We enrolled 42 patients with nonseptic olecranon bursitis in a double-blind prospective treatment trial to compare the efficacy of an intrabursal steroid preparation with that of an oral antiinflammatory agent. Patients were randomized into one of four treatment regimens: (1) methylprednisolone acetate (20 mg) intrabursal injection and oral naproxen (1 g/d for 10 days), (2) methylprednisolone acetate (20 mg) intrabursal injection and oral placebo for 10 days, (3) oral naproxen (1 g/d for 10 days), and (4) oral placebo for 10 days. The degree of swelling in millimeters was assessed at study introduction and at 1, 3, and 6 weeks. At 6 months, the number of patients requiring reaspiration for bursitis recurrence was tabulated. Data at 1 week indicated that patients treated with an intrabursal methylprednisolone acetate injection (20 mg) demonstrated the most rapid decrease in swelling. At 6 weeks, the methylprednisolone-treated groups demonstrated sustained improvement. At 6 months, the mean number of reaspirations per patient for reaccumulation of bursal fluid was higher in groups 3 (1.0 ± 1.2) and 4 (0.4 ± 0.7). An intrabursal methylprednisolone acetate 20-mg injection seems to be the most effective treatment regimen for nonseptic olecranon bursitis.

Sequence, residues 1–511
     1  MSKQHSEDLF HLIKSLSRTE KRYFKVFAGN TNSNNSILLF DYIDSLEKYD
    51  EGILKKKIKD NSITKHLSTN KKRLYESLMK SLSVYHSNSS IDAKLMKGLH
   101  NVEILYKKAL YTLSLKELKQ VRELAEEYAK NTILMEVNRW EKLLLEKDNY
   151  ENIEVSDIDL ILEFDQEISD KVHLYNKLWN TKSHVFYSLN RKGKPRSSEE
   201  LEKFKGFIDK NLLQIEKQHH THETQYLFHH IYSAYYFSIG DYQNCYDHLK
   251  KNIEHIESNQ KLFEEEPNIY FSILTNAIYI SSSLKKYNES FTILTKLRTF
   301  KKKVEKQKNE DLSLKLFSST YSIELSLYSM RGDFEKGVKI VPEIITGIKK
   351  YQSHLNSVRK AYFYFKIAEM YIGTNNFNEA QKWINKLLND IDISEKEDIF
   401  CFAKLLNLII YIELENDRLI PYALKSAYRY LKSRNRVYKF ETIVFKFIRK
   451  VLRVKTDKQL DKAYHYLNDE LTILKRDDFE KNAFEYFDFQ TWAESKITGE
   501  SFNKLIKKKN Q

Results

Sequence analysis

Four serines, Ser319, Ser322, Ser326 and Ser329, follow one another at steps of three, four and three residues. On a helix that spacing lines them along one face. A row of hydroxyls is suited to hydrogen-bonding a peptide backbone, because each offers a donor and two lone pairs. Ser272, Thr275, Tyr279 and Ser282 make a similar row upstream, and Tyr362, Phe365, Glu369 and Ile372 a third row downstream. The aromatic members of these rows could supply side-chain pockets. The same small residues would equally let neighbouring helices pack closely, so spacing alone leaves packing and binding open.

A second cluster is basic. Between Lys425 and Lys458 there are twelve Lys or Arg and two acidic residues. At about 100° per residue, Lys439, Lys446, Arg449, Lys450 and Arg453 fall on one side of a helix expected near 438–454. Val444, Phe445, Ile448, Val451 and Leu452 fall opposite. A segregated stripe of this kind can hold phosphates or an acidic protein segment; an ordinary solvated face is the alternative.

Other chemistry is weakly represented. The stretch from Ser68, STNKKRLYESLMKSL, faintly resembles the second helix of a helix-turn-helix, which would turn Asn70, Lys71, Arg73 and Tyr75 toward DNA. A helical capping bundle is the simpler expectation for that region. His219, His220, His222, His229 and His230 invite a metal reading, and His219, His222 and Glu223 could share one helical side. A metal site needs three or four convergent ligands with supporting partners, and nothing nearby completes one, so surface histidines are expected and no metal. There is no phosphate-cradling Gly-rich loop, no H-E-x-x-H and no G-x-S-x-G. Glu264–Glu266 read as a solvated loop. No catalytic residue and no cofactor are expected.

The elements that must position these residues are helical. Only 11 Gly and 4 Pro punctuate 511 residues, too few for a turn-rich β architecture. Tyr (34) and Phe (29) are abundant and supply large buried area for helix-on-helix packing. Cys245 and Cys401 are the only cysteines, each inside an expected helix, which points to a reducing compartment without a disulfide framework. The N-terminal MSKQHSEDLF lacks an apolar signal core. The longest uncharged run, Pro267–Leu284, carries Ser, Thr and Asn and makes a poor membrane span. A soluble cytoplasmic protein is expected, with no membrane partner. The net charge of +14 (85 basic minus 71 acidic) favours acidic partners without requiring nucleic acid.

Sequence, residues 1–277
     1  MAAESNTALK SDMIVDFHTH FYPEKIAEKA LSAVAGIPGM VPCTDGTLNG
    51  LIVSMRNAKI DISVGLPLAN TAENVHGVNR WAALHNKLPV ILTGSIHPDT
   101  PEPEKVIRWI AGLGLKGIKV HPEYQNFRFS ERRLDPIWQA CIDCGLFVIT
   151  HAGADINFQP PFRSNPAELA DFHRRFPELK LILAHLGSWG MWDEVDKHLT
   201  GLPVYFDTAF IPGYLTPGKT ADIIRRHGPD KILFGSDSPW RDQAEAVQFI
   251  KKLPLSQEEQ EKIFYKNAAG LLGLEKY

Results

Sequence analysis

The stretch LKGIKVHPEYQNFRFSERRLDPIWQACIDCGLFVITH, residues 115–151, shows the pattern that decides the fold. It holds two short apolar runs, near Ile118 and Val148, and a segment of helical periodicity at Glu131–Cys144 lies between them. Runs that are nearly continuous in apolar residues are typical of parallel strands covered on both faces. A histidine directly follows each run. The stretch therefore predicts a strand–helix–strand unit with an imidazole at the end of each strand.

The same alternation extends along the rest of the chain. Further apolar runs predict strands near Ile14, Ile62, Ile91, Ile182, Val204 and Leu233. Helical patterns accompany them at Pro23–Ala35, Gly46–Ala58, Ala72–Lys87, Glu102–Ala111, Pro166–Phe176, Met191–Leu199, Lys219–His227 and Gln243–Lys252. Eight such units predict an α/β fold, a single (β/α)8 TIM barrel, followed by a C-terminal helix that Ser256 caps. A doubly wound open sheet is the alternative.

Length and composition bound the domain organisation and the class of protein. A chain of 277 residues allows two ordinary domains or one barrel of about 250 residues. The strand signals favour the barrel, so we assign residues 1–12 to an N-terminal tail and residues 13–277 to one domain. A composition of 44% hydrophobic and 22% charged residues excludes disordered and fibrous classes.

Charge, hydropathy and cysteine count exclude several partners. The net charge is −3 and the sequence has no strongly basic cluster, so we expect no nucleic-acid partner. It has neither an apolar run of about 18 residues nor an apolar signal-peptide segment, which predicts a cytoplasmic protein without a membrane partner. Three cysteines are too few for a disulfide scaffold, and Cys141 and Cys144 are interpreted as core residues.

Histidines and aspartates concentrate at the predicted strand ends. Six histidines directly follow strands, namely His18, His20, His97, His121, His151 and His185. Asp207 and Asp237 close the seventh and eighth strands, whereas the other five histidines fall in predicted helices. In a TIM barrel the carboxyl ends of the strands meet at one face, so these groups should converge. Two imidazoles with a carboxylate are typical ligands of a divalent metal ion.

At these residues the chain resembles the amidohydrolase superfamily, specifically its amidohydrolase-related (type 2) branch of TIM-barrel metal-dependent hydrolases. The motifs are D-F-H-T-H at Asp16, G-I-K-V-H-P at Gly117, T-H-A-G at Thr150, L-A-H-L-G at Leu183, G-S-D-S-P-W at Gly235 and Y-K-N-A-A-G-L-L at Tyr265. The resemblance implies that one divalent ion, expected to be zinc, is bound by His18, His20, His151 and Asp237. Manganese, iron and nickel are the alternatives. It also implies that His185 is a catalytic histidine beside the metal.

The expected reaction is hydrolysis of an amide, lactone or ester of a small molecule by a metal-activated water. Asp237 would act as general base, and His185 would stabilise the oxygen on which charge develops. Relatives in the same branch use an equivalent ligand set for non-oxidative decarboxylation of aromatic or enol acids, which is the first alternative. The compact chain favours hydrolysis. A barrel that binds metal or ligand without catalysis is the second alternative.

|Original language||English (US)|
|Number of pages||4|
|Journal||Archives of Internal Medicine|
|Publication status||Published - 1989|
ASJC Scopus subject areas
- Internal Medicine